Climate change likely to threaten human safety – Ghanaian Scientist

climate-changeA Ghanaian scientist has said climate change will likely increase the frequency and strength of extreme events such as floods, droughts, and storms that shall threaten human safety and health.

Dr Hans Adu-Dapaah, Director, Crops Research Institute (CRI), Centre for Scientific and Industrial Research (CSIR), said such a climate would also allow some diseases to spread more easily.

He said: “Severe warming, floods, and drought may reduce crop yields and can harm crops/yields, livestock may be at risk, both directly from heat stress and indirectly from reduced quality of their food supply while fisheries would be affected by changes in water temperature”.

Speaking on the topic: “Promoting Climate Smart Agricultural Research–The Case of CSIR, Ghana”, at the ongoing 2nd Climate and Population Conference being hosted by the Regional Institute of Population Studies, University of Ghana, Dr Adu-Dapaah said evidence of climate change in Ghana shows that mean annual temperature had increased by 1.0°C since 1960, on an average rate of 0.21°C per decade.

He said the rate of increase has been most rapid in April, May and June, around 0.27°C per decade whereas it has been generally more rapid in the northern regions of the country than in the south.

Dr Adu-Dapaah said total annual rainfall in Ghana has had an overall decreasing trend between the period 1960 to 2006, with an average of 2.3mm per month (2.4 per cent) per decade.

He said long term trends were difficult to identify because annual rainfall in Ghana was highly variable on inter‐annual and inter‐decadal timescales

Dr Adu-Dapaah said while there has been a10-20cm rise in global sea-level since 1900, in Ghana, the ocean claims 1.5 to two metres of the country’s 539 kilometre coastline annually, with the most risky areas recording four metres.

He said moderate warming and more carbon dioxide in the atmosphere may help plants to grow faster whereas a warmer climate was expected to both increase the risk of heat-related illnesses and death and worsen conditions for air quality.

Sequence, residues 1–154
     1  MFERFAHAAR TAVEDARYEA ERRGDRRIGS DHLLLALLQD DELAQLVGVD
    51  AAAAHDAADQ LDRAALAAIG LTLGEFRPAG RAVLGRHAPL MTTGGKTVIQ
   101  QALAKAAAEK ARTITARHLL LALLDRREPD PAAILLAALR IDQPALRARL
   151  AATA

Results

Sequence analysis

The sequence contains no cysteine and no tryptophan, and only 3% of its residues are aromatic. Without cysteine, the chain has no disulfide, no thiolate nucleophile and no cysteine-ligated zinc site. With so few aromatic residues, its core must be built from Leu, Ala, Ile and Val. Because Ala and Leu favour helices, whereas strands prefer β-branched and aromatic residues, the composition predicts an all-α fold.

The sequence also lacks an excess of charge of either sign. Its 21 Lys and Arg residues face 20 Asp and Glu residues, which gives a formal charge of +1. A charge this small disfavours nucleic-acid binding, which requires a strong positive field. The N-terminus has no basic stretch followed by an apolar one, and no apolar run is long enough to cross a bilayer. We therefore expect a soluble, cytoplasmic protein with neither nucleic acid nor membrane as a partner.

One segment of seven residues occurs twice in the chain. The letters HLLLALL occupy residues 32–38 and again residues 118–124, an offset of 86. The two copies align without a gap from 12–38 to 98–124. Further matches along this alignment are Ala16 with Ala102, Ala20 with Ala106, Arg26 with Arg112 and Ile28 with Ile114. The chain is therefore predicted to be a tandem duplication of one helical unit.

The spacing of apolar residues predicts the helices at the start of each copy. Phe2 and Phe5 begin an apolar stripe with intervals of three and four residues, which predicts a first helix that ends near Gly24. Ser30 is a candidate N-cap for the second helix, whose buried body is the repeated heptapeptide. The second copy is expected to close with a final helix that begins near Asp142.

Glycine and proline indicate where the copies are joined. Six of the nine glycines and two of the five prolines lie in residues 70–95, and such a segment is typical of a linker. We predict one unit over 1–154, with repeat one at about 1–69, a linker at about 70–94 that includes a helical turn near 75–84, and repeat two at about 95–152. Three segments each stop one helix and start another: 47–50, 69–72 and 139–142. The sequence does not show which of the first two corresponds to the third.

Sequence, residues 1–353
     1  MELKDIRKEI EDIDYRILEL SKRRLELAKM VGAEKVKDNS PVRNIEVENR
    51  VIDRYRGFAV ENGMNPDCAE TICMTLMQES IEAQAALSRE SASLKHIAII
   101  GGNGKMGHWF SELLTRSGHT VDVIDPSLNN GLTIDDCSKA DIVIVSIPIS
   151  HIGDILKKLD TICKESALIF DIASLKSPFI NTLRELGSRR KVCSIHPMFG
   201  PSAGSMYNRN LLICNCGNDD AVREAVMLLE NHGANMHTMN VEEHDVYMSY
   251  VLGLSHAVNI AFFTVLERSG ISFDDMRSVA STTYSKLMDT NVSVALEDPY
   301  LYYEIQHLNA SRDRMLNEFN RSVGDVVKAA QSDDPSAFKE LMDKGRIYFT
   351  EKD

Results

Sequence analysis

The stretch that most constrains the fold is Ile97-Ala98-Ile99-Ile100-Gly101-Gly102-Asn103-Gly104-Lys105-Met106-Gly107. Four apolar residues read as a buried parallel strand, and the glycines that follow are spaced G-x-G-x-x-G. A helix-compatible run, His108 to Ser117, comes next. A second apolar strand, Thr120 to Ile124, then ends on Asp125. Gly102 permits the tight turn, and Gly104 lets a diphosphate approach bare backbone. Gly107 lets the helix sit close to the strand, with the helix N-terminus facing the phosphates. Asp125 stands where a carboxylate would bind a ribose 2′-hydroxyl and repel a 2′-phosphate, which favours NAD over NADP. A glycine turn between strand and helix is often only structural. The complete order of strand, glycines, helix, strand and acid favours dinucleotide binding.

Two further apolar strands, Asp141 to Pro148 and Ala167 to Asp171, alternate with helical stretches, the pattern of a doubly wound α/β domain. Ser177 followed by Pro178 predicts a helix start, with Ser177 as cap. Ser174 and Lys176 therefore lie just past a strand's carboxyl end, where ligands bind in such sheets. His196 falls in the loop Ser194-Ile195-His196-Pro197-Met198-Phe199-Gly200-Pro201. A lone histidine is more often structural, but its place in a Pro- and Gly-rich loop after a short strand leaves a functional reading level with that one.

He said climate change impact was increasingly becoming severe and that long-term projections indicated crop yields could fall by up to 50 per cent by 2020, net revenues from crops could drop by as much as 90 per cent by 2100.

Dr Adu-Dappah said using Climate Smart Agriculture to minimise the impact of Climate Change would sustainably increases farm productivity, make agriculture more resilient,  contribute to the reduction of greenhouse gas emissions, increase carbon sequestration as well as enhance the achievement of national food security.

Development and promotion of the use of more disease and pest tolerant crop varieties, development of Phosphorous efficient and Nitrogen fixing crop varieties (cowpea, soybean), participatory varietal selection, improved farming systems, crop residue management and mulching are equally important.

He said CSIR-CRI had developed Climate Smart Technologies and disseminated them for increased productivity and promotion of high yielding, good quality crop varieties and traits.

Dr Adu-Dapaah said the Institute had further developed CSA technologies to increase productivity, adapt and mitigate the effects of climate change and ensure national food security.

He recommended the building of institutional capacity for the dissemination and support of climate smart agriculture technologies and the need to build the capacity of farmers in the use of conservation practices that would ensure more farm yields in the face of climate change.

Source: GNA

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